June 8, 2006




My 14-year-old son and I are at that time in life where we don’t find a lot to agree on—but we both agreed on this as did the many, many children ages 5 and up that I talked to in the audience: This is a wonderful movie. 

I laughed. I cried. I really enjoyed the latest computer animated film from Pixar and Disney Studios. And I felt as though it is a true G-rated movie. There are no parental warning moments here as there are in “Nemo.” (You know, the scene when the mother gets eaten in the beginning of the movie.) Yet, it still is a movie with strong and good messages, such as: No one in life does it alone. There is nothing like a true friend. And there is more that matters in life than winning. 

I will say it took me a bit of time to get into the film. At first, it seemed just a silly but clever film with familiar voices, such as Owen Wilson (the voice of Lightning McQueen, the rookie race car that stars in the movie) and Paul Newman (the voice of Doc Hudson, the old car with a secret past). But at one point, that all changes and it transcends into a really great film in the tradition of “Toy Story,” “Nemo” and “Toy Story 2.”

The list of stars voicing these car characters is impressive and spans different genres from Larry The Cable Guy, who plays Mater, the rusty old tow truck, to George Carlin, who plays Filmore, the somewhat 1960s affected VW bus. There is also Bonnie Hunt, who voices the cute Sally Carrera, and Tony Shalhoub, who voices Luigi, who, along with his sidekick, Guido, steals the show.

Plus, I loved the music. This is highly recommended for a great family movie. When it comes out on DVD, I will be first in line to add it to our collection. Susy Schultz


 A “Miracle” takes place in the woods

The story of Helen Keller and a hike in the woods aren’t two things I’d normally say go together. But after spending a Sunday afternoon on a theater hike at the Morton Arboretum watching “The Miracle Worker” I’d say my first impression was wrong. And after watching “The Miracle Worker,” my daughters Emma, 10, and Grace, 8, think a theater-hike is the best way to see a show when the weather’s nice.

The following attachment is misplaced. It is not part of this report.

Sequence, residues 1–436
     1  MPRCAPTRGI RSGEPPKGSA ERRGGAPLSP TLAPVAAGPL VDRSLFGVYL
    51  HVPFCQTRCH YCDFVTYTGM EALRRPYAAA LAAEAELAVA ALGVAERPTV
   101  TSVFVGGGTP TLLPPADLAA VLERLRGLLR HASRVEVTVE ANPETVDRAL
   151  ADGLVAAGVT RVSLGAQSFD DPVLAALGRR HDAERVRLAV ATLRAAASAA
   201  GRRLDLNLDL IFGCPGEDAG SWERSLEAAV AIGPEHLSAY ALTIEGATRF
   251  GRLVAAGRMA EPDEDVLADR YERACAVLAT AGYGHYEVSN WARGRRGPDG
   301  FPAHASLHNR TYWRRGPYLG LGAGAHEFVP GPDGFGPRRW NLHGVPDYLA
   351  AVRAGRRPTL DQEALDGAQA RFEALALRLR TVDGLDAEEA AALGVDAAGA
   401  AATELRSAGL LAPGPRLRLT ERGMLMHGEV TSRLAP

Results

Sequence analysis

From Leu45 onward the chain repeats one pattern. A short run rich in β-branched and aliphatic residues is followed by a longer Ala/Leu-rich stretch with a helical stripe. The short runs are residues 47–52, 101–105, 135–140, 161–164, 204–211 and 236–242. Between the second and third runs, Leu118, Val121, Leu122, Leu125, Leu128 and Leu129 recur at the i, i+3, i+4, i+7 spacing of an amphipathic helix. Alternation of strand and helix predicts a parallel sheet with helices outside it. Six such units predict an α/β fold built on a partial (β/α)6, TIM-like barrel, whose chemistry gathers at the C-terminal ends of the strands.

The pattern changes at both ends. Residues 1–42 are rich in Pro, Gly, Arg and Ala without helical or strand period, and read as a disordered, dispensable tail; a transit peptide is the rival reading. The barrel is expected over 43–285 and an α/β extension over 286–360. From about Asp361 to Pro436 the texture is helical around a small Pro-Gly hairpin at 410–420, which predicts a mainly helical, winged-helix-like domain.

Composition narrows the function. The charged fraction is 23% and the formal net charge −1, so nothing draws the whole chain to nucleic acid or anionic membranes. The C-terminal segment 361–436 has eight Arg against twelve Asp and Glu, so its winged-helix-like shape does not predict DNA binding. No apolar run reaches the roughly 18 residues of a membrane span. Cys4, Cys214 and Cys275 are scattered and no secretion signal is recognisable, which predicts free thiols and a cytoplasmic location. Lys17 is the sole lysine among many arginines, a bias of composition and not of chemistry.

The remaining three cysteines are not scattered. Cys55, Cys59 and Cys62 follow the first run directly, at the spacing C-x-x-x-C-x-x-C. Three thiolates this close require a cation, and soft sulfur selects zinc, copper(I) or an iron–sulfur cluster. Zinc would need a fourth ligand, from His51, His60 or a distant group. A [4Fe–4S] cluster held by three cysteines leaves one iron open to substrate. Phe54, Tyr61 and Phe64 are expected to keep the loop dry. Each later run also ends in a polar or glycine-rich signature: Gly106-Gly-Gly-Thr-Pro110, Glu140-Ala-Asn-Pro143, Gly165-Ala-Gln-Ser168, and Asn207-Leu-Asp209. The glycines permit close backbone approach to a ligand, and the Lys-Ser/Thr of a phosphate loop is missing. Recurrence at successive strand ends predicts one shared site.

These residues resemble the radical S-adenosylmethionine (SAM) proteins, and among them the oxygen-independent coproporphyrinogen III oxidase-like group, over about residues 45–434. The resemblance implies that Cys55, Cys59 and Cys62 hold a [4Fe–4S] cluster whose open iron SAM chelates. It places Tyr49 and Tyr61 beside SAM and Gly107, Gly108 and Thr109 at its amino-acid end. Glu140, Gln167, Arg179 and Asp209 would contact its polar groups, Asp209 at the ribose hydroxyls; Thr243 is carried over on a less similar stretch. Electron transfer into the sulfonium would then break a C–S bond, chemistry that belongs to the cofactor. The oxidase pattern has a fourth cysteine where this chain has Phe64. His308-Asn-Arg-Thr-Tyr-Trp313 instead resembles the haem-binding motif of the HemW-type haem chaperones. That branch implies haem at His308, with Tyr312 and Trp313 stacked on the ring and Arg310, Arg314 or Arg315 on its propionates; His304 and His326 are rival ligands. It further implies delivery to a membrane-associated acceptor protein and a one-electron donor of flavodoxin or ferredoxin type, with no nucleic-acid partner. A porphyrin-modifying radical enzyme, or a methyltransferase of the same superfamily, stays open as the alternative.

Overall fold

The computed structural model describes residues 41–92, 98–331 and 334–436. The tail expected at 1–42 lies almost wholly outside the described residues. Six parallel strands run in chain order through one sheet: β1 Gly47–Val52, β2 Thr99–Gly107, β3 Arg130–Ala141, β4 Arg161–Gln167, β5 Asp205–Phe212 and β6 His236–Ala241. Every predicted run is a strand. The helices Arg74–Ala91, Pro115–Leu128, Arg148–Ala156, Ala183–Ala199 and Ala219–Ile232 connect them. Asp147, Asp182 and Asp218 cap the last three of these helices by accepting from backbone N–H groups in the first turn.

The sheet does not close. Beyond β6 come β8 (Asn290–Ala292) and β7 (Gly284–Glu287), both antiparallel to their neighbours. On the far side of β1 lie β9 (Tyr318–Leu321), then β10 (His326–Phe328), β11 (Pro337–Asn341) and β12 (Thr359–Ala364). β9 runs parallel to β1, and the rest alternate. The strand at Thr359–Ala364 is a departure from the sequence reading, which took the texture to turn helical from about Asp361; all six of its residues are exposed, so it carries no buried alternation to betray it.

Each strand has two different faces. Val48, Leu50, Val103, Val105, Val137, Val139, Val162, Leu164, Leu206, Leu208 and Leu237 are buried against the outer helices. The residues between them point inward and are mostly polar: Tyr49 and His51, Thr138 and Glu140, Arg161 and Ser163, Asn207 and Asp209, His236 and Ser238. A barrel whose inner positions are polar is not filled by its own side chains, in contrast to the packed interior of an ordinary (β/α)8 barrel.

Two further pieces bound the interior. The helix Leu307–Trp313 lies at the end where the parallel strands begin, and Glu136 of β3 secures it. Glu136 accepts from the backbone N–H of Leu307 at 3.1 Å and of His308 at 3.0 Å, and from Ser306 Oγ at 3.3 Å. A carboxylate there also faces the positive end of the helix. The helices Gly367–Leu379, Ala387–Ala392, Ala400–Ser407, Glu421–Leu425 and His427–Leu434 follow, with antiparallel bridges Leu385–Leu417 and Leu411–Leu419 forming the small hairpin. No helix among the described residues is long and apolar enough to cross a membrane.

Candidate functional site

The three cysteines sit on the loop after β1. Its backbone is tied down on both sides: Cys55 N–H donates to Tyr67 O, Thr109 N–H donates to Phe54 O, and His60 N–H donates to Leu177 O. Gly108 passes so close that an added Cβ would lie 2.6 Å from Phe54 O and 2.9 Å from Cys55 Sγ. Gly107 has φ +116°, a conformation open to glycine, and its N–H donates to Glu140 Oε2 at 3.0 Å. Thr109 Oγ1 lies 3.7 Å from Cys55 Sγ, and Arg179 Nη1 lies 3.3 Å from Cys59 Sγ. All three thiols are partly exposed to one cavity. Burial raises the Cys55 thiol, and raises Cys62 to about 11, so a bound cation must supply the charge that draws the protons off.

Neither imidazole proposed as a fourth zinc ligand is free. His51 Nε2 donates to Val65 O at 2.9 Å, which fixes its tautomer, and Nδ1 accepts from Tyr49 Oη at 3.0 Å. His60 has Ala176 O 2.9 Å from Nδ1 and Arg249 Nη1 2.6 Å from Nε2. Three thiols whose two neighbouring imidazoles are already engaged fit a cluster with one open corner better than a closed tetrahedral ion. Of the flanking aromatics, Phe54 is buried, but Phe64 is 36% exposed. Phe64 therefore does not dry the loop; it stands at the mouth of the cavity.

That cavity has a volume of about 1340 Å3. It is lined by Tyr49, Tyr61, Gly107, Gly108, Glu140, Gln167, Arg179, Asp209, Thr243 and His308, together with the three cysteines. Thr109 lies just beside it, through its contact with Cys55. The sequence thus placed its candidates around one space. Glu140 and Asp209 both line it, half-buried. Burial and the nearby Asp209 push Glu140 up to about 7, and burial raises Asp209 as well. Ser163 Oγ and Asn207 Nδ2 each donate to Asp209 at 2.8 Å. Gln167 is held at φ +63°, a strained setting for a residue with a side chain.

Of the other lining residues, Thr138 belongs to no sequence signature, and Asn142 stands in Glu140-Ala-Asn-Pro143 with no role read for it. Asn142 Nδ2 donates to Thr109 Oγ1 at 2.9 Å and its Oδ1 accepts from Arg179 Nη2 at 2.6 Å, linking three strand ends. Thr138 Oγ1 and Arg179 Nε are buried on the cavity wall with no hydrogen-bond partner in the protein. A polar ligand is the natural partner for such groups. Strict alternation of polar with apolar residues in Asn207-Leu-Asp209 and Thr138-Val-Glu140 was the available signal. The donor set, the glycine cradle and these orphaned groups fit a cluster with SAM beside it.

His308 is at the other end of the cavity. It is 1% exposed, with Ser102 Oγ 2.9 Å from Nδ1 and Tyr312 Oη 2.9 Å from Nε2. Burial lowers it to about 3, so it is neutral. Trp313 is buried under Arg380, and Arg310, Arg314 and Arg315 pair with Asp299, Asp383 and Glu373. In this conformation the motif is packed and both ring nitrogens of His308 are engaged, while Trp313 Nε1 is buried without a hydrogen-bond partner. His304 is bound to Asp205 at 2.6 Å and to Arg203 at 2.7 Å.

The story of Helen Keller begins after a short hike from the Arboretum’s Visitor Center to a nearby grove of trees. The play starts with a skit about Helen’s bout with Scarlet Fever at age 6 months. The illness leaves her deaf and blind. But because Helen was born in the 1800s, no one knew how to teach a child with multiple disabilities.

A short hike through the woods later, we stopped at another grove of trees to watch a skit about Annie Sullivan, the young woman who became Helen’s teacher and the person who was able to get through to Helen. We hiked to numerous locations in the woods and watched scenes from Helen’s childhood as Annie struggles, sometimes very physically, to reach a child who can’t see, hear or speak. The final scene, which took place on the edge of a beautiful lake surrounded by trees, shows how Annie finally was able to teach Helen to communicate with sign language.

My daughters and I loved watching the performance by Jarrah Korba, the young girl who played Helen. She did a great job of conveying to all the children in the audience what it’s like to be blind and deaf. All of the other actors and actresses in the play were also able to pull us into each scene, despite the fact that bugs (and sometimes cars) were buzzing around us in the woods.

The only drawback was that some scenes included flashbacks to Annie’s childhood, which was a little confusing because the actors who portrayed her childhood family were double cast as those who played Helen’s family. So it took us some time to figure out what was going on when Annie (played by Amy Johnson) entered a dreamlike state and the actors started talking about her family and her brother dying.

Aside from that minor confusion, we loved the play. We also loved that the staff and volunteers were well-prepared for the hike, which was helpful to those of us who forgot some of the basics when heading into the woods. The bugs were out in droves, but volunteers had bug spray. We also forgot a blanket to sit on (we obviously know what to do better the next time), but the staff had plenty of extra blankets as well.

If you plan to visit a theater hike, cover yourself with sunscreen and bug spray before heading into the woods. Adults who don’t want to stand should bring a comfortable, easy-to-carry chair with them. Bring bottled water and either feed your kids before you go or bring snacks because the theater hike lasts almost three hours. Wear comfortable shoes, since you’ll be walking two miles on a forest path. Also keep in mind that this particular play is not appropriate for young children because there is some minor violence, such as when Helen becomes enraged and slaps Annie and Annie slaps her back.

And the other good part about watching a play at the Arboretum is the chance to visit the new Children’s Garden after the show. I had to drag my kids out of there when it closed at 5 p.m. because they were having such a good time wading in the stream, climbing up to the outlook and checking out all of  the interactive sculptures. Liz DeCarlo

“The Miracle Worker” will be presented every Saturday and Sunday until June 25. Tickets are $15 each ($12 for members) and are available by phone or at the Visitor’s Center onsite. All hikes are held rain or shine. An indoor space may be used if the weather is bad. The Morton Arboretum is at 4100 Illinois Route 53 in Lisle. (630) 968-0074, www.mortonarb.org


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